The Death of Wild Bill Hickok, by D. J. McAdam.
There are a number of poker hands that are famous for one reason or another, but perhaps the most sinister is the Dead Man's Hand, so named because it was the hand held by James Butler "Wild Bill" Hickok when he met his untimely demise.
The incident occurred in Deadwood Gulch, in the Black Hills of the Dakotas. Gold had been found in the region in 1874, leading to the establishment of the town. There is a tradition that, when Hickok first laid eyes on the place, he had a premonition that he would not leave town alive.
Whether or not that is true, it can be verified that Hickok was playing poker in Nuttal and Mann's saloon on August 2nd, 1876. A man by the name of Crooked Nose McCall approached Hickok and shot him in the back of the head. Theories as to McCall's motive vary; some say that he was simply drunk (not too uncommon in those days, and those environs), while others speculate that he may have been hired to assassinate Hickok before the latter could be appointed sheriff of Deadwood and bring law and order to its citizens. The shot was fatal, and Wild Bill Hickok slid to the floor, still holding his cards.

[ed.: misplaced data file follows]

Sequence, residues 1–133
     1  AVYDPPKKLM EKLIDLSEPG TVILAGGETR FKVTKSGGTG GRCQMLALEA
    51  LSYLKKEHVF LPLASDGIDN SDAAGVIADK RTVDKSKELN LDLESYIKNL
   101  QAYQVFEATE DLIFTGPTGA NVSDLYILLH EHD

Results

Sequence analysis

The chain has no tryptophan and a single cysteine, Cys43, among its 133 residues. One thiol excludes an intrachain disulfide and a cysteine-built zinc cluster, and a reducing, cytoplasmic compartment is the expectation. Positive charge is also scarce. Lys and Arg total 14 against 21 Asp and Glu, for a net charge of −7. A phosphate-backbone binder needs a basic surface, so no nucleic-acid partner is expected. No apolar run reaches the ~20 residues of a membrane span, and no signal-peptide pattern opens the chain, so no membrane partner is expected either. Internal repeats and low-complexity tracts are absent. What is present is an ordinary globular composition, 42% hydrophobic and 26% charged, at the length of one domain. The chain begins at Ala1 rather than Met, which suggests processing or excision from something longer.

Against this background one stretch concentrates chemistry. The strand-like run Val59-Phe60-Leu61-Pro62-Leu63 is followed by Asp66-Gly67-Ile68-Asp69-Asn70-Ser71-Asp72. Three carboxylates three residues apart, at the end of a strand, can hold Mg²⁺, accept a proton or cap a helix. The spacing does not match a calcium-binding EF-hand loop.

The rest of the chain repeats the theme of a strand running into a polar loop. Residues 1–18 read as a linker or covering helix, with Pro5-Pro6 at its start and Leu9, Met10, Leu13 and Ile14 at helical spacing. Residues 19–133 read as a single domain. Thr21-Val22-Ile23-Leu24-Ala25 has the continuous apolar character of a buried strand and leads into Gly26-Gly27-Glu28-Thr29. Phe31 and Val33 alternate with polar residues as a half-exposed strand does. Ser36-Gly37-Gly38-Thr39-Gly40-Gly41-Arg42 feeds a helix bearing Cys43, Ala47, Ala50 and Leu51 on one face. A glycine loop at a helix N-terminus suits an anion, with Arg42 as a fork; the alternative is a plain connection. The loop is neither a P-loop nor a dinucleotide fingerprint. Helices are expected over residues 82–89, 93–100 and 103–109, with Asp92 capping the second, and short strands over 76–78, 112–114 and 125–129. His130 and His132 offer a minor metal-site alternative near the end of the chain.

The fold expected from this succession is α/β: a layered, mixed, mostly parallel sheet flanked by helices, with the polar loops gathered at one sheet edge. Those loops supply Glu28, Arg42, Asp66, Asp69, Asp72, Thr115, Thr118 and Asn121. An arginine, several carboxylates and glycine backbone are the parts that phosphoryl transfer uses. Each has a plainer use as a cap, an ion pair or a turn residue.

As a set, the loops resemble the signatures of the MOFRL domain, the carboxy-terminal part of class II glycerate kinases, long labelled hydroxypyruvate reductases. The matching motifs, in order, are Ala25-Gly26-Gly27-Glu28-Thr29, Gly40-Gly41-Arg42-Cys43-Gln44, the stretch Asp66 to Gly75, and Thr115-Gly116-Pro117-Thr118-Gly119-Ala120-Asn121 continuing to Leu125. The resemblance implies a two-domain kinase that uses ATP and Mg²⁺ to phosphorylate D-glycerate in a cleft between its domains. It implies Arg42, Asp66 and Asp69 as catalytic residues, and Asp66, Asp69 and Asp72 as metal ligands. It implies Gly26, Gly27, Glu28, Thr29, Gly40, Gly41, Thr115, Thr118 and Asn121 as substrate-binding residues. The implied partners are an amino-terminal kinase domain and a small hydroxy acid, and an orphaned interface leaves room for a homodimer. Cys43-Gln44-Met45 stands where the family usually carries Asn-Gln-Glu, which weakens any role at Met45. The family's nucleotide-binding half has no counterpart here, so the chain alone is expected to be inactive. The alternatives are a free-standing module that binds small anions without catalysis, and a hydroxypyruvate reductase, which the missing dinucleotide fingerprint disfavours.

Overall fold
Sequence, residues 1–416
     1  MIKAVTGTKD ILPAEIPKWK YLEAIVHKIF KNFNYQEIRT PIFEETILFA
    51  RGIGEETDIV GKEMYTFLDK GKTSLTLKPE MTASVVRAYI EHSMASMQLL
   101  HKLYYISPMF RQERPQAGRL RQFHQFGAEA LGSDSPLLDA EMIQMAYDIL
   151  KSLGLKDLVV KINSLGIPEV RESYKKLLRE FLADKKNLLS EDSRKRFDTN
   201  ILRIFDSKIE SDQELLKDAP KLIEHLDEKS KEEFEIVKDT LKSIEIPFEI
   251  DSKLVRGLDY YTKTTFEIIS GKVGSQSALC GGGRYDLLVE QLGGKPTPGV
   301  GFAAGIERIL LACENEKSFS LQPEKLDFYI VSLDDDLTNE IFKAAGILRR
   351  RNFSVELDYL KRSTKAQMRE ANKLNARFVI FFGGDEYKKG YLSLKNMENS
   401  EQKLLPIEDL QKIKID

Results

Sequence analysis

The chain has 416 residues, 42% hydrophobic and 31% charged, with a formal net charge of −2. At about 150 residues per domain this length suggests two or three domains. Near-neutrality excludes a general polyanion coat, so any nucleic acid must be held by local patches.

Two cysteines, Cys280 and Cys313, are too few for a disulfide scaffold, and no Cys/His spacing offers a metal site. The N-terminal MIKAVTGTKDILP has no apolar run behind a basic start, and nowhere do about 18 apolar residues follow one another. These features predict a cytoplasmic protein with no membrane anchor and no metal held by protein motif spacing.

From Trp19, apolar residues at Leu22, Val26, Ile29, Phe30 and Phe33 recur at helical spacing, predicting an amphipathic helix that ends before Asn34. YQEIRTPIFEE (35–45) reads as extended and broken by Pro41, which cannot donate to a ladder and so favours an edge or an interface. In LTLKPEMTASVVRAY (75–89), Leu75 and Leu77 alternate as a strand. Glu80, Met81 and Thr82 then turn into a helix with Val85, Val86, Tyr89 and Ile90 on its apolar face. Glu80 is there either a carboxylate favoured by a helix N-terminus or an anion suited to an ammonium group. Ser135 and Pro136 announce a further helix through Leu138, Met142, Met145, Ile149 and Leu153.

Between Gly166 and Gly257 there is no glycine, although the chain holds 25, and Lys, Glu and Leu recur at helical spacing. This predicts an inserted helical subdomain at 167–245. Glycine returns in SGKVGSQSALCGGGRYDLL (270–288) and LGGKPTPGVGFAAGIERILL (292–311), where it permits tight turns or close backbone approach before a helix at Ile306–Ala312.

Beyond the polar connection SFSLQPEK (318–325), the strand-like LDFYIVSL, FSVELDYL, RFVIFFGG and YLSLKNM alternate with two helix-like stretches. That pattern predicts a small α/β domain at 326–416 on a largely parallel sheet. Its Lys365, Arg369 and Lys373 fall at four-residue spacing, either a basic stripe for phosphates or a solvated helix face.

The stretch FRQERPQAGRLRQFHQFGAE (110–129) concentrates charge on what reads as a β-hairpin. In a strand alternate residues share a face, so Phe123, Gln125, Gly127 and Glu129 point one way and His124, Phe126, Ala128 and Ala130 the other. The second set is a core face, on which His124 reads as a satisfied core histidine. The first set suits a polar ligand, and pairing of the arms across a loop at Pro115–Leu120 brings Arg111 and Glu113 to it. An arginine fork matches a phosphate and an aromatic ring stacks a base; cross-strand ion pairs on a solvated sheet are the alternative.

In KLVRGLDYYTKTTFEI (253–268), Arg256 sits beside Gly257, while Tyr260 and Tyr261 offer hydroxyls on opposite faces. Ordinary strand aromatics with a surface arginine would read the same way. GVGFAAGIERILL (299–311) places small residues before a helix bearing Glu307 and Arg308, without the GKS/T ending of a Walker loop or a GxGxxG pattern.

Poker back then was draw poker, and so Hickok would have had five cards in his hand: two aces, two eights, and a queen.
There are a few unimportant additions and variations in some accounts. Some say that all five cards were black, others that the fifth card (the kicker) was a ten, not a queen. But all agree that Hickok was holding a pair of aces and a pair of eights when he was shot, and that combination has become known as the dead man's hand. There are superstitious poker players to this day who will not play a hand with a pair of aces and a pair of eights.